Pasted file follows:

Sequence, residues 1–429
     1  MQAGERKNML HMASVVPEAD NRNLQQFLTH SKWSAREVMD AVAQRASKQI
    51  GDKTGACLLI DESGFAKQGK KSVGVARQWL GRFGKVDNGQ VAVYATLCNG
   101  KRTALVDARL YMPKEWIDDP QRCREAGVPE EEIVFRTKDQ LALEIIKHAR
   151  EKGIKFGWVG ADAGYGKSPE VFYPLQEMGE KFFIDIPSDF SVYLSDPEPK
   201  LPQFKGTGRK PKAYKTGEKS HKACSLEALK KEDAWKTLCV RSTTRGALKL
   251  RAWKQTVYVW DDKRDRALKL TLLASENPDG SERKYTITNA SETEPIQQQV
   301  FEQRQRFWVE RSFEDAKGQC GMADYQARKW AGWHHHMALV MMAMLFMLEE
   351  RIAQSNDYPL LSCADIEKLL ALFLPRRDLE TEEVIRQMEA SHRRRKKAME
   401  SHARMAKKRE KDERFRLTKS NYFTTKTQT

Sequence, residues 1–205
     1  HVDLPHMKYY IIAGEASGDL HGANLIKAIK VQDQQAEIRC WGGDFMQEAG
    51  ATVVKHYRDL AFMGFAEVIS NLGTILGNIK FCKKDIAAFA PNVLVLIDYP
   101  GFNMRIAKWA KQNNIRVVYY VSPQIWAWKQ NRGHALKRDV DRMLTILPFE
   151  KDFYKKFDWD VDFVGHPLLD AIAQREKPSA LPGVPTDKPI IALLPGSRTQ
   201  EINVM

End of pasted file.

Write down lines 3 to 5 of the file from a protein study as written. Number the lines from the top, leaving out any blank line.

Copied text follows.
    51  GDKTGACLLI DESGFAKQGK KSVGVARQWL GRFGKVDNGQ VAVYATLCNG
   101  KRTALVDARL YMPKEWIDDP QRCREAGVPE EEIVFRTKDQ LALEIIKHAR
   151  EKGIKFGWVG ADAGYGKSPE VFYPLQEMGE KFFIDIPSDF SVYLSDPEPK